Democrat David Hoyle won a narrow victory Tuesday night in a race to keep his N.C. Senate District 43 seat.
Unofficial results showed Hoyle had 51 percent of the vote, or 35,677 votes, to 49 percent, or 33,623, for Republican challenger Kathy Harrington.
A 16-year veteran of the N.C. Senate, Hoyle, 69, is considered one of its most powerful members. Harrington, 49, was a first-time candidate for political office.
In 2002, Hoyle narrowly defeated Harrington's husband, Michael, for the seat. District 43 covers all of Gaston County except for six precincts in the northeast part of the county.
The hottest issue in this year's contest was the Garden Parkway, a proposed highway running from Charlotte to Gaston County. Two years ago, Hoyle invested in 327 acres near a proposed exit for the expressway. He then cast at least three votes in the General Assembly to advance the road and lobbied colleagues to fund it.
A legislative attorney said Hoyle, who is a developer, didn't violate state ethics laws when he voted for the funding.
But Harrington called Hoyle's action unethical and said it was an example of his poor judgment.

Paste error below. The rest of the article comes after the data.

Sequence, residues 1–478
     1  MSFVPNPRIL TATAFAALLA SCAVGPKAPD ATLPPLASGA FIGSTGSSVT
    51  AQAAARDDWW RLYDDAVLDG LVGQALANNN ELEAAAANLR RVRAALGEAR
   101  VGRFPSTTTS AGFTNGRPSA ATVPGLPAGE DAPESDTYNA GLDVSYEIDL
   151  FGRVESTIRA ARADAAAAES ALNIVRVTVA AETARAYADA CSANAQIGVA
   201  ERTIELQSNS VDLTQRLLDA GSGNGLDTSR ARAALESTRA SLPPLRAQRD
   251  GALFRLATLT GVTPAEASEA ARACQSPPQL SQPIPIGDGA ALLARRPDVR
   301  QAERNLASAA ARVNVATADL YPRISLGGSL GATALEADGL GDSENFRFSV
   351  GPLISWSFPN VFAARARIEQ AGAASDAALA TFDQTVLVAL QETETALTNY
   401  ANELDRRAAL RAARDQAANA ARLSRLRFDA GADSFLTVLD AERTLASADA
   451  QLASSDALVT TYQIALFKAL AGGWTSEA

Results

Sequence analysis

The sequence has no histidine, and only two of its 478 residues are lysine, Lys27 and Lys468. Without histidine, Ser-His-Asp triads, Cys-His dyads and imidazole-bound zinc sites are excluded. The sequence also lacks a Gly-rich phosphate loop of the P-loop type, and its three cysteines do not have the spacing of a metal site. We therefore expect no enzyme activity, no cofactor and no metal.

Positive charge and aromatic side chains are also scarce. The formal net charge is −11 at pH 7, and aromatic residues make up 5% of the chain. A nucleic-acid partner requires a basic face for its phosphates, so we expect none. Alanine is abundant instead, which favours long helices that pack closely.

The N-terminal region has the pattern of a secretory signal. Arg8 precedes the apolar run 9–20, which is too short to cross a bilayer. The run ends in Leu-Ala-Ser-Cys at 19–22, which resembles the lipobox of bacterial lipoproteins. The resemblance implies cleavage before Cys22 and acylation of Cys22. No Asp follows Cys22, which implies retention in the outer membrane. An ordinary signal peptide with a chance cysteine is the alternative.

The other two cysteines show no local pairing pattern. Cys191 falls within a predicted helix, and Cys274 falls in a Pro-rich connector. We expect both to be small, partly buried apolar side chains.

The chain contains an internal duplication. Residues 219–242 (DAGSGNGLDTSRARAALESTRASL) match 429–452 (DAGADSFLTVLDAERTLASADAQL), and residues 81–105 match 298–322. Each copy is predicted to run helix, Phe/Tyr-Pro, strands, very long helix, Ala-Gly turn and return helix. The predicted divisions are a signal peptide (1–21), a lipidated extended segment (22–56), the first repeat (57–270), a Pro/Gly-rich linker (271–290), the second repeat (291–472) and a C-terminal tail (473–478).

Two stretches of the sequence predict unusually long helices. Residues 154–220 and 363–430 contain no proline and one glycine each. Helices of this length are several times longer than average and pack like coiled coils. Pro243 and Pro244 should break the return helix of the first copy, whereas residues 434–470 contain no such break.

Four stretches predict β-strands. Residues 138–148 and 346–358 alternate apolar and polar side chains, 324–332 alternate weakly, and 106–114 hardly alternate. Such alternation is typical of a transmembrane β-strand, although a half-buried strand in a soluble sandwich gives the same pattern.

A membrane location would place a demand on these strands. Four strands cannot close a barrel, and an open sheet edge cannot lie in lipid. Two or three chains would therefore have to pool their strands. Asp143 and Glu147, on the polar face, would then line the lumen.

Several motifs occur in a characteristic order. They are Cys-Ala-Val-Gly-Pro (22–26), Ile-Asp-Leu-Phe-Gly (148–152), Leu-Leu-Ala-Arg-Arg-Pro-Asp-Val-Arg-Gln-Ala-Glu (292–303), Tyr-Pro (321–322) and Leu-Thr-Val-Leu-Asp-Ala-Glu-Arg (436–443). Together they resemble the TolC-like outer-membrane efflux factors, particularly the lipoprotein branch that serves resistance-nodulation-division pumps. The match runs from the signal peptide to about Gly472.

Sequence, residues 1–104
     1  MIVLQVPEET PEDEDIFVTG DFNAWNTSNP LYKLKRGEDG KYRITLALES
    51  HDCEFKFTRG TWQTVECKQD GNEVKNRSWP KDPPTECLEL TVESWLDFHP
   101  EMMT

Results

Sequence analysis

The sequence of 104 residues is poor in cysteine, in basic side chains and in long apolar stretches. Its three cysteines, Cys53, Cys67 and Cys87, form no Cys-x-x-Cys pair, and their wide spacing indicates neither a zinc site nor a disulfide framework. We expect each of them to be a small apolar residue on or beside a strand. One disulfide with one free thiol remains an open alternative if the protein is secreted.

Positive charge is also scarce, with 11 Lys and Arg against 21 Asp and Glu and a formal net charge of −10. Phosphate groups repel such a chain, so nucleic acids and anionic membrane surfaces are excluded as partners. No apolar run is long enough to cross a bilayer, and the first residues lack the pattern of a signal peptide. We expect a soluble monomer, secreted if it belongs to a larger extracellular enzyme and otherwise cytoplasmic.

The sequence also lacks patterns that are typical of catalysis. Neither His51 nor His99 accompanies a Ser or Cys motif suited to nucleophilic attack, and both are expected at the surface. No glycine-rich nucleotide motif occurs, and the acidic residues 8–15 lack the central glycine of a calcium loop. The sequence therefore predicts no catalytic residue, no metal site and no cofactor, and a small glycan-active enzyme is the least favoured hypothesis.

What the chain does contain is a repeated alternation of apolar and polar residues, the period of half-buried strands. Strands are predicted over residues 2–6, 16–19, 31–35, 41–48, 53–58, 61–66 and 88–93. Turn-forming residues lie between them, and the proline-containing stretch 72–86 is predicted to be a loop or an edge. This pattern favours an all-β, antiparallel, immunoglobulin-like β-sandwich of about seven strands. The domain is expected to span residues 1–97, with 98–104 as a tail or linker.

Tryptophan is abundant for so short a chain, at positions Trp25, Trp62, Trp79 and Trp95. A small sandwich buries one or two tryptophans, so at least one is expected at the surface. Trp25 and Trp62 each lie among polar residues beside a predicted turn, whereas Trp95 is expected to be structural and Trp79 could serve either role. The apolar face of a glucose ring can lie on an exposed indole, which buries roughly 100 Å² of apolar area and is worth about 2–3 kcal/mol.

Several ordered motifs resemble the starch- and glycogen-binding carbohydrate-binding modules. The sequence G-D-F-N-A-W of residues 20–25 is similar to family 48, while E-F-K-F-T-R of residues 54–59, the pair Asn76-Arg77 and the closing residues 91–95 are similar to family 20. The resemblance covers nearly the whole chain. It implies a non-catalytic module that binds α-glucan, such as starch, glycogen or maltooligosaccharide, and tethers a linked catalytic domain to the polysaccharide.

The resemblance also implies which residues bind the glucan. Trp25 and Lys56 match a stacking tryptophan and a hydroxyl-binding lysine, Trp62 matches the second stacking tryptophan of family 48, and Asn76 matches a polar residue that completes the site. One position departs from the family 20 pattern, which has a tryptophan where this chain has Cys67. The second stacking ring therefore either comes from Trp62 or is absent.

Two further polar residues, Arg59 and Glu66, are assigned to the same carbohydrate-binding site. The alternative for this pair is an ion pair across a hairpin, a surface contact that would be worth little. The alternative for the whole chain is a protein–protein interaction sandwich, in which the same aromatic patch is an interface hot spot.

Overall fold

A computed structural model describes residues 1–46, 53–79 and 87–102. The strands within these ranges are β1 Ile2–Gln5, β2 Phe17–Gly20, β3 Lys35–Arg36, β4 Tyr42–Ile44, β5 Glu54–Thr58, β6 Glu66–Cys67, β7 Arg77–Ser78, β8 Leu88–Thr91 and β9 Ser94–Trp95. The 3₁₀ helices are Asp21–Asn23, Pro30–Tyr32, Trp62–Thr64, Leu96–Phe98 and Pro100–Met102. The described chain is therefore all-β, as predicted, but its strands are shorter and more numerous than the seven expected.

Hoyle said he knew the GOP had made him the No. 1 target. As senior chairman of the Senate Finance Committee, Hoyle has considerable power and influence.
Hoyle said the campaign was the “worst thing I've ever been through in my life.”
“This proves one thing – that a positive campaign can win,” said Hoyle. “She (Harrington) ran the dirtiest campaign in North Carolina history, and I've been on the receiving end.”
Harrington, who is a Realtor, said Hoyle was ineffective and out of touch with voters.
In the 88th N.C. House District race, Democrat Ray Warren narrowly defeated Republican challenger Mark Hollo.
The result was so close, though, that Hollo can request a recount. He said he'll wait to decide until election officials count provisional ballots later this week. The district includes Hickory and Alexander County.
Both men won 50 percent of votes, Warren edging Hollo by 209 votes, according to unofficial results. Warren had 15,681 votes to Hollo's 15,472.
The opponents spent the campaign season portraying each other as bad for the district. The incumbent, helped by the state Democratic Party, spent more than $200,000 on fliers, TV ads and other methods, while Hollo spent about $120,000.
Two years ago, Warren defeated Hollo to win the seat.